More Details Hide Details Health problems impeded her performing and she began to devote time to the writing of her memoirs.
  • 1986
    Age 55
    In 1986 she went to New York City to perform on piano at the Metropolitan Opera with Mikhail Baryshnikov in a song and dance ballet presentation.
    More Details Hide Details She co-wrote the music for the stage play Lily Passion with Luc Plamondon, in which she co-starred with Depardieu. It told the story of a killer who murders someone each time he hears her sing. In the latter part of the 1980s she became active in the fight against AIDS. She recorded SID'Amour à mort and gave out condoms at performances.
  • 1981
    Age 50
    Through the 1980s, she continued to tour and to write songs; her album Seule was one of France's top grossing releases of 1981.
    More Details Hide Details The next year she was awarded the Grand Prix du Disque in recognition of her contribution to French culture. She developed a close working relationship with rising film star Gérard Depardieu and his wife Élisabeth, collaborating on songs for film and records.
  • FORTIES
  • 1975
    Age 44
    Her final film role came in 1975 in Je suis né à Venise by choreographer Maurice Béjart.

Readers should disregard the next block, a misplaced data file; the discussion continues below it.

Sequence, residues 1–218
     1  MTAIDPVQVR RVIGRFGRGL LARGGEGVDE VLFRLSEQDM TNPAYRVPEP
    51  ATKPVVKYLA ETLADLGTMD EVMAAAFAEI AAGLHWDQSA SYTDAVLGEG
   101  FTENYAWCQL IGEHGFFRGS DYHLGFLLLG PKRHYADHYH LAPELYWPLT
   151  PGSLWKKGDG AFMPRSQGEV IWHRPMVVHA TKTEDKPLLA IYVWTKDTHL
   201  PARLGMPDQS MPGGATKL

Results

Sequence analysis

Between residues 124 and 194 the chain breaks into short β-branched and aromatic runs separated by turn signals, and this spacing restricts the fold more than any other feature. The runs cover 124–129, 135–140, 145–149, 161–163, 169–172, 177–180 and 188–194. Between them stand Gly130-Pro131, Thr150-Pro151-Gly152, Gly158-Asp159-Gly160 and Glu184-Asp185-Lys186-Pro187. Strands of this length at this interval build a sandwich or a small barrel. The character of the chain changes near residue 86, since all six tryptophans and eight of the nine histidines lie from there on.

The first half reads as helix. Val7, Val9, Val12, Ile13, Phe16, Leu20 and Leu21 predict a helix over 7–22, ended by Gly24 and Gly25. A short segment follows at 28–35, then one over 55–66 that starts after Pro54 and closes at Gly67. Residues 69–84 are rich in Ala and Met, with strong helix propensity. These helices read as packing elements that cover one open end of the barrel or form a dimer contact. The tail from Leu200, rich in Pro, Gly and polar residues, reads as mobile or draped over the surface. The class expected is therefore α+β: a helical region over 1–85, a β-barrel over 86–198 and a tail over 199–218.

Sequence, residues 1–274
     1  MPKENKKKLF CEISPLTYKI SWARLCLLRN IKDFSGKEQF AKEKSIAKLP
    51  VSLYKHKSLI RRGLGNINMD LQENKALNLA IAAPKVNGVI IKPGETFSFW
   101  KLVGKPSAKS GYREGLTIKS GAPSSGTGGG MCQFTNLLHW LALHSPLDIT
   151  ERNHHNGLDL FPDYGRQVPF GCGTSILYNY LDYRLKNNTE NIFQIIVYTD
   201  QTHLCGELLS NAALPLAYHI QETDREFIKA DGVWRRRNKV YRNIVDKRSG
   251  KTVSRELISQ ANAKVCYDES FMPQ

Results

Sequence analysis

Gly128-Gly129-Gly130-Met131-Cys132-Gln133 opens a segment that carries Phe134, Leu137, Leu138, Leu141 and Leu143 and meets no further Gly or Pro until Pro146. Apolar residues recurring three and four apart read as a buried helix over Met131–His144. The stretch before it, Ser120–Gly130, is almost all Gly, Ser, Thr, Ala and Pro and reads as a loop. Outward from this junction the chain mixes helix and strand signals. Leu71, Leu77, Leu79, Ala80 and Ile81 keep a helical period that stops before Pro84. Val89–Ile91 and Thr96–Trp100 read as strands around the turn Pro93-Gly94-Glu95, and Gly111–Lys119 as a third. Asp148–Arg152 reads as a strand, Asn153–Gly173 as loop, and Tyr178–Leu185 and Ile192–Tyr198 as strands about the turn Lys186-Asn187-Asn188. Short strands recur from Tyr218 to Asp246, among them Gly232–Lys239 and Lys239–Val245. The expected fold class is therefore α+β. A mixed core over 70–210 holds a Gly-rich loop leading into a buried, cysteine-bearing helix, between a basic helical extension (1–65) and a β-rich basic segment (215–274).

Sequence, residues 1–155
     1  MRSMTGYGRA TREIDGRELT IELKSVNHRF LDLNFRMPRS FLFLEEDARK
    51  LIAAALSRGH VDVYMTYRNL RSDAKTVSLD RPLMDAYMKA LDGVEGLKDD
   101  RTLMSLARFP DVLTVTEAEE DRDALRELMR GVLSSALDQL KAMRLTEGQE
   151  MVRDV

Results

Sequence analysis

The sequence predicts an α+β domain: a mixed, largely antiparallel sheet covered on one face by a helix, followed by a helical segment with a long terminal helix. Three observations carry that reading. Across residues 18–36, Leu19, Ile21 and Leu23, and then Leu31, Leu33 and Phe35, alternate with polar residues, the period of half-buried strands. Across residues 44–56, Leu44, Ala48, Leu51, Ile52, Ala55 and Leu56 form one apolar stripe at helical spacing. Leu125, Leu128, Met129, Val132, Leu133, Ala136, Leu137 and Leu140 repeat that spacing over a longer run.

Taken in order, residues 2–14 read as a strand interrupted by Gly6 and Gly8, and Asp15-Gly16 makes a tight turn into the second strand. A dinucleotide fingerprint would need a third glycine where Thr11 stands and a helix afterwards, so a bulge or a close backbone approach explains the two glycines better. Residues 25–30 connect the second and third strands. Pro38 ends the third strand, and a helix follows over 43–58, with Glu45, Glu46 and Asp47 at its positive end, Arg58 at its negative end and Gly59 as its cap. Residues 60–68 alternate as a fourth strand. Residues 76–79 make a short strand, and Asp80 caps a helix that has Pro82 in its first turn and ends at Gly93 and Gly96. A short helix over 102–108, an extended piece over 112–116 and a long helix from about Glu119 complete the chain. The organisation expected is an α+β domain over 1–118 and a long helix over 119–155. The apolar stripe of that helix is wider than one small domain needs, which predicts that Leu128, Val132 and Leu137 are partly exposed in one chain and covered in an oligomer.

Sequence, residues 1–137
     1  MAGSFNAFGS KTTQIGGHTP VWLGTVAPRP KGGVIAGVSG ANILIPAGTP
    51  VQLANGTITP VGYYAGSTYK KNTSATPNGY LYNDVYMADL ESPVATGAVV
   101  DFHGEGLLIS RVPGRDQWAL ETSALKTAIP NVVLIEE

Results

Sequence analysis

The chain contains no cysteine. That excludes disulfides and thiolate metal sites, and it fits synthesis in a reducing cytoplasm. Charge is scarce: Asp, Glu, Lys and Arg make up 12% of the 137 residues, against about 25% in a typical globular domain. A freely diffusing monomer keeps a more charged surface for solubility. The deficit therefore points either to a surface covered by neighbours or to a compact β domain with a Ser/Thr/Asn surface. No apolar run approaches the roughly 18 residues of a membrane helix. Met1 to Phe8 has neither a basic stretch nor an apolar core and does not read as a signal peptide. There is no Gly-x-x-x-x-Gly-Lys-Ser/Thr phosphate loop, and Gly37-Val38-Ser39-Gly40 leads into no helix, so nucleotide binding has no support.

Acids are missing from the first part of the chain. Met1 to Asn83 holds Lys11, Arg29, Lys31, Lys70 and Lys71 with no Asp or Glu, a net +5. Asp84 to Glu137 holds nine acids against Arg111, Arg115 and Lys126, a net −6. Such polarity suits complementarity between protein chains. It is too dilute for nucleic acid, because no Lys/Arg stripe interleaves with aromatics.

More Details Hide Details Barbara's career remained active in the 1970s, with appearances on television variety shows with stars such as Johnny Hallyday and a tour of Japan, Canada, Belgium, Israel, the Netherlands and Switzerland.
  • 1971
    Age 40
    In 1971 she co-starred with Jacques Brel in a film he directed titled Franz.
    More Details Hide Details Two years later she starred in L'Oiseau rare directed by Jean-Claude Brialy.
  • THIRTIES
  • 1970
    Age 39
    She announced that she would limit her concert singing, and in 1970 she made her acting début in the stage play Madame that proved to be a commercial flop.
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  • 1969
    Age 38
    In 1969, she wrote the theme song "Moi, je me balance" for the film "La fiancée du pirate".